NEWMAN: Perfect question and I'm going to go right back to what Dr. Patterson was just telling us.  If someone has a stroke and they don't come to the emergency room in time and I don't want to get stuck on the three hours; they should get in as quickly as they can because we can still treat the person quite far out.  We say as part of stroke alert, we say don't stall, make the call.  To take Dr. Patterson's point here, someone who gets to the emergency room within three hours has about a 20%-35%  chance of having a really good recovery, that is having no problem left over after the stroke.  But if they get to the emergency room within three hours, we nearly double the chances that they are going to have no long term disability from the stroke by using this clot buster drug.  This is a huge benefit and that is what we are doing today; that's why we want everyone in the emergency room so quickly.  To continue with your question, again, depending on whether the person was treated, for those people who were treated, I would say roughly 4 out of 10, we have people come in, the sister sees the stroke occur, she calls 911, the guy comes in we treat the guy within 45 minutes and two or three days later he just goes home.  Maybe he will have some outpatient physical therapy or not.  For people who have had stroke and sometimes people live alone and they have a stroke and there is no one with them at the time; they are found the next morning.  So they had a stroke, of those people, roughly half will be able to go about and probably like our listener Hannibal, they will be able to get up and go about their business after a two to three month recover period.  They will resume most of their activities but they will have some degree of impairment.  Dick Clark continued to host New Year's Eve and we all watched, but as you said, it was with a disability.  Then nearly a third of people with a stroke are either going to die or they are going to have a significant disability that will affect their life.

PATTERSON: So for those people who do have strokes and they have some disability, again we send them to physical therapy.  A lot of times people have swallowing and speech problems so we send them to swallowing classes and we send them to speech classes and there is a whole center on traumatic brain injuries and we can help them.  Literally a lot of these people have to relearn how to walk and relearn how to talk and so there are programs in place for people who have already had their stroke.  We are here today because we would like to prevent those strokes.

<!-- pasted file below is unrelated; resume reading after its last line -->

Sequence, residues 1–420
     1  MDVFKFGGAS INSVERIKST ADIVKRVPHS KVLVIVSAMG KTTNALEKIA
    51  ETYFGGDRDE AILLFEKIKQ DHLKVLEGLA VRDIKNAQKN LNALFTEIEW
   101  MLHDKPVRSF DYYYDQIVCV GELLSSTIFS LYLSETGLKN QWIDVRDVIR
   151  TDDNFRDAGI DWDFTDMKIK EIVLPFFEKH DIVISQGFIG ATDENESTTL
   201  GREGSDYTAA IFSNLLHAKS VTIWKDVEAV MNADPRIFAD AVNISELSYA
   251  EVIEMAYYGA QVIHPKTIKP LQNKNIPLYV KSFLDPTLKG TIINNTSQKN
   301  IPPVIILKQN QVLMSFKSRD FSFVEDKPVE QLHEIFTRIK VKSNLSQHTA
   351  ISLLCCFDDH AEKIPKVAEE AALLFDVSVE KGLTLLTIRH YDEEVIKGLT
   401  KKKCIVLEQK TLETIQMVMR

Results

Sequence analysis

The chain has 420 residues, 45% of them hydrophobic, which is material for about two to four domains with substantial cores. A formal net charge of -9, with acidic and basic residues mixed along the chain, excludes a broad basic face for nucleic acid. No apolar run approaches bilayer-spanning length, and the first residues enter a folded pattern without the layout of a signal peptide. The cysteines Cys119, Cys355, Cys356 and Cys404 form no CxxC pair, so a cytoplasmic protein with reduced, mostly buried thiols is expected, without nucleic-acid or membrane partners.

LOMAX-REESE: Absolutely.  We are going to the phones; we have Woody who has been holding from the barbershop.  Welcome to the program Woody.

WOODY: Hey, another great show, I wish you guys could have made Human Family Day; I sent you some information.  We had some doctors out there and it was an exciting time.  It sounds like you guys are having a great exciting time now.  I know both doctors realize barbers were doctors first, isn't that right doc?


NEWMAN: Yes, surgeons right.

WOODY: The original barber pole represents that. I get questions all the time in the barbershop.  One of the questions I have for you, are you familiar with EECP?


WOODY: External enhanced counter pulsation.


WOODY: What do you think about it, that's what I would like to know?

NEWMAN: I think there are times it is very useful for someone whose heart is marginal and especially immediately after a heart attack.  I think it can help a great deal to relieve the stress on their heart until a natural healing occurs.

LOMAX-REESE: Thanks Woody; we are going to have to take our next caller.  We have Jenna from North Philly.  Welcome to the program.